Do You See Your Disorder As A Companion?

Highest Standards, Nationally Recognized:

Do You See Your Disorder As A Companion?

Do You See Your Disorder As A Companion

Whether it is a substance use disorder, a personality disorder, a psychiatric disorder, or an eating disorder, this “other” part of ourselves can start to feel like its own person. There are, of course, mental health disorders in which one does have multiple friends or personalities living within their minds. For most, however, their disorders take on their own kind of personality. Our depression can feel like the friend that never leaves. Our anxiety can feel like the friend who never shuts up. Our eating disorders can feel like our greatest, yet most sadistic, coach, telling us we can achieve something if we put our minds to it. Our substance abuse disorders can tell us we aren’t alone and that we’ll never be disappointed. Any of our disorders might end up telling us, they’re the only friend we need.

When we choose to get sober or seek treatment for mental health, there is a peculiar feeling of guilt. We might feel as though we are abandoning someone who has been there for us for so long. Long ago we stopped separating our disorders from ourselves. At once, we need to embrace our disorders as part of us, yet at the same time we need to separate. We might not have known what our diagnosis was or how to tell what was the “real” us from our symptoms.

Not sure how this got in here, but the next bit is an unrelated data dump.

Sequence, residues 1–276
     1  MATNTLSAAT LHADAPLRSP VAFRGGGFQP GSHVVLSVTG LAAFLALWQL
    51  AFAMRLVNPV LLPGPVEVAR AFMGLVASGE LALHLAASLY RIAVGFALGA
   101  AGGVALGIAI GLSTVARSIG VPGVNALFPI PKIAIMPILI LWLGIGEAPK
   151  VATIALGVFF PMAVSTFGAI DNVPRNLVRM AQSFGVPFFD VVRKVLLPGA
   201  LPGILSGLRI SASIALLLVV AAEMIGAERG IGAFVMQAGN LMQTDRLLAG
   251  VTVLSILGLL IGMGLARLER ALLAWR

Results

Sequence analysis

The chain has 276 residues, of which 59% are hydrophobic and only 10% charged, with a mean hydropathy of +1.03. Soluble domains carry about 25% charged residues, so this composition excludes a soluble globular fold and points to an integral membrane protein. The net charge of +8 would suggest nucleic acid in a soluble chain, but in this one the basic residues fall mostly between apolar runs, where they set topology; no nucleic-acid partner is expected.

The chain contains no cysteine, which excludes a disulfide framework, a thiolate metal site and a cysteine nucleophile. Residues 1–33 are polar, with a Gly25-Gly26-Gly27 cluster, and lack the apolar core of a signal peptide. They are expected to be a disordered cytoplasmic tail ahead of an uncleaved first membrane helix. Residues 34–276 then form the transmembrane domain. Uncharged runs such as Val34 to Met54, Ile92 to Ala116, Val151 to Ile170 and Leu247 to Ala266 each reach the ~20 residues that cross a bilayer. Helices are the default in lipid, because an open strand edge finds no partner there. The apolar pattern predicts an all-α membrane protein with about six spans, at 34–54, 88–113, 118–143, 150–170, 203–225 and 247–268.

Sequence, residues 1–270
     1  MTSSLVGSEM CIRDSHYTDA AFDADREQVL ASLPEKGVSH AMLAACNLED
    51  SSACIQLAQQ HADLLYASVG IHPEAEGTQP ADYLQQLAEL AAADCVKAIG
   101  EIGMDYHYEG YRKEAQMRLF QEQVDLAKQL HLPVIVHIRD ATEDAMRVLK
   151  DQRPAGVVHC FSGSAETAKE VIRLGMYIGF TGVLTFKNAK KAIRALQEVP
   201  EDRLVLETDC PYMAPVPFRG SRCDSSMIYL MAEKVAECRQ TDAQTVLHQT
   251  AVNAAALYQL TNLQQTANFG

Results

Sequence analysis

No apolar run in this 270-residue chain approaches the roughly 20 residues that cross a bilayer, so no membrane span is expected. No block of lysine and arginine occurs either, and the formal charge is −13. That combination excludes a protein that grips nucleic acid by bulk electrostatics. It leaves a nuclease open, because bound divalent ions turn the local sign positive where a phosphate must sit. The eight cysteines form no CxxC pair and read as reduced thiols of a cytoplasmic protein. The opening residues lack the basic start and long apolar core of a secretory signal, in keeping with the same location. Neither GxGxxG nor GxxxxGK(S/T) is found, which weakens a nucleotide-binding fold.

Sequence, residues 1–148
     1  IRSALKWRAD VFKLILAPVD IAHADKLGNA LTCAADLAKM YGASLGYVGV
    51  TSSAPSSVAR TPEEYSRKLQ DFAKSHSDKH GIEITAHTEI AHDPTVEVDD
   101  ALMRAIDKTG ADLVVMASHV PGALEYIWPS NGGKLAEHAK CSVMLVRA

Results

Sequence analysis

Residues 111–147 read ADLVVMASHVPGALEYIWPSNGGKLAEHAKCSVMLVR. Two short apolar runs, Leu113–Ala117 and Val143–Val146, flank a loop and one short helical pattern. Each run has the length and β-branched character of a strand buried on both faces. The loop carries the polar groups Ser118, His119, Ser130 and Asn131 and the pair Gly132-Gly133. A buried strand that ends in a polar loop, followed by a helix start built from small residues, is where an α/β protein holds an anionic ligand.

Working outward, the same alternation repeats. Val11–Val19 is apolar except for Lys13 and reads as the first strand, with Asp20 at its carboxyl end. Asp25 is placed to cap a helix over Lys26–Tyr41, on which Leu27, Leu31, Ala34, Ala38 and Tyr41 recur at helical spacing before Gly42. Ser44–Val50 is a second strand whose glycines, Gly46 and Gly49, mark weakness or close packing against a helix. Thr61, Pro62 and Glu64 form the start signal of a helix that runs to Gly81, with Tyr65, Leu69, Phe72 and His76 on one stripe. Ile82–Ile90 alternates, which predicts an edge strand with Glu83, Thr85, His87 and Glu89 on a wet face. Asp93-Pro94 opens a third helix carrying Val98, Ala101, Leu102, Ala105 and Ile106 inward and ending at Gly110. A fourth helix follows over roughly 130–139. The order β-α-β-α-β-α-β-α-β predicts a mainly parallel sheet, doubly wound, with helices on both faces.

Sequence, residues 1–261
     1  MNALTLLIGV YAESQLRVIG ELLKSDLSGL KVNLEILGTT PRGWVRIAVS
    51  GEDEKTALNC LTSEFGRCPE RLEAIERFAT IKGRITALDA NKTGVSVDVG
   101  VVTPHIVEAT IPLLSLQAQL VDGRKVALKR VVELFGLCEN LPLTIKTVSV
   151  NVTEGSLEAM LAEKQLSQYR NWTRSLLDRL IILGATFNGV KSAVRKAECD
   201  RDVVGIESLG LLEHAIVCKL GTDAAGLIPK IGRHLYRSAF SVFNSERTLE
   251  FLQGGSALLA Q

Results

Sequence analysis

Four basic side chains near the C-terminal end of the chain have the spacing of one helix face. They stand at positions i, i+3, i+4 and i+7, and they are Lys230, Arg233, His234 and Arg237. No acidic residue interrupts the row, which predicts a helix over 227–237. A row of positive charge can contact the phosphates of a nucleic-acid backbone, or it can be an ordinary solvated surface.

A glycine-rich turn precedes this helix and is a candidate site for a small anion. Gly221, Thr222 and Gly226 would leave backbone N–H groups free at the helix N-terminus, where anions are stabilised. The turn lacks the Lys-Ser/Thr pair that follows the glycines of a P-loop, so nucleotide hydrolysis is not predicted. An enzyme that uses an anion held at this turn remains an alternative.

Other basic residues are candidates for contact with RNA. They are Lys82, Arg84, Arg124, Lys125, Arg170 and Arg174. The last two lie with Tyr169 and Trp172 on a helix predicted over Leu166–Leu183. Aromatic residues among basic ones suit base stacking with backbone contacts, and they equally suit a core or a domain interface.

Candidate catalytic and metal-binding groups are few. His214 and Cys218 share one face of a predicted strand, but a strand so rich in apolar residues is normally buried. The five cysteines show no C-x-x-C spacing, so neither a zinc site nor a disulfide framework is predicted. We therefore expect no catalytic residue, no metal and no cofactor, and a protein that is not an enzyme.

You are not your disorder. By taking the measures to seek treatment and help, you are already recognizing that you see the potential for more or for different in your life. Symptoms are only symptoms, they are not traits of character, and they are certainly not incriminations. Through treatment you will learn to understand, assess, and manage your symptoms as they come.

Letting Go With Gratitude

There’s a chance we’re angry with our disorder, or angry with ourselves for having one. For years, we’ve suffered, and felt unable to get on the other side. Anger is a natural phase of the grieving process. Yes, sometimes approaching our disorders and learning to work through them feels like grief. We’ll experience sadness and we’ll try to negotiate a way to keep some of it. Ultimately, we will find gratitude for our experience. It brought us to this point, has taught us a lot, and above all else, showed us what we were capable of living with.

Avalon By The Sea is certified to treat both substance use disorders and psychiatric disorders as primary diagnosis. That means we offer an unparalleled clinical approach to mental health, while incorporating a holistic treatment plan for healing mind, body, and spirit. For more information on our treatment programs, call 1 (888) 958-7511 today

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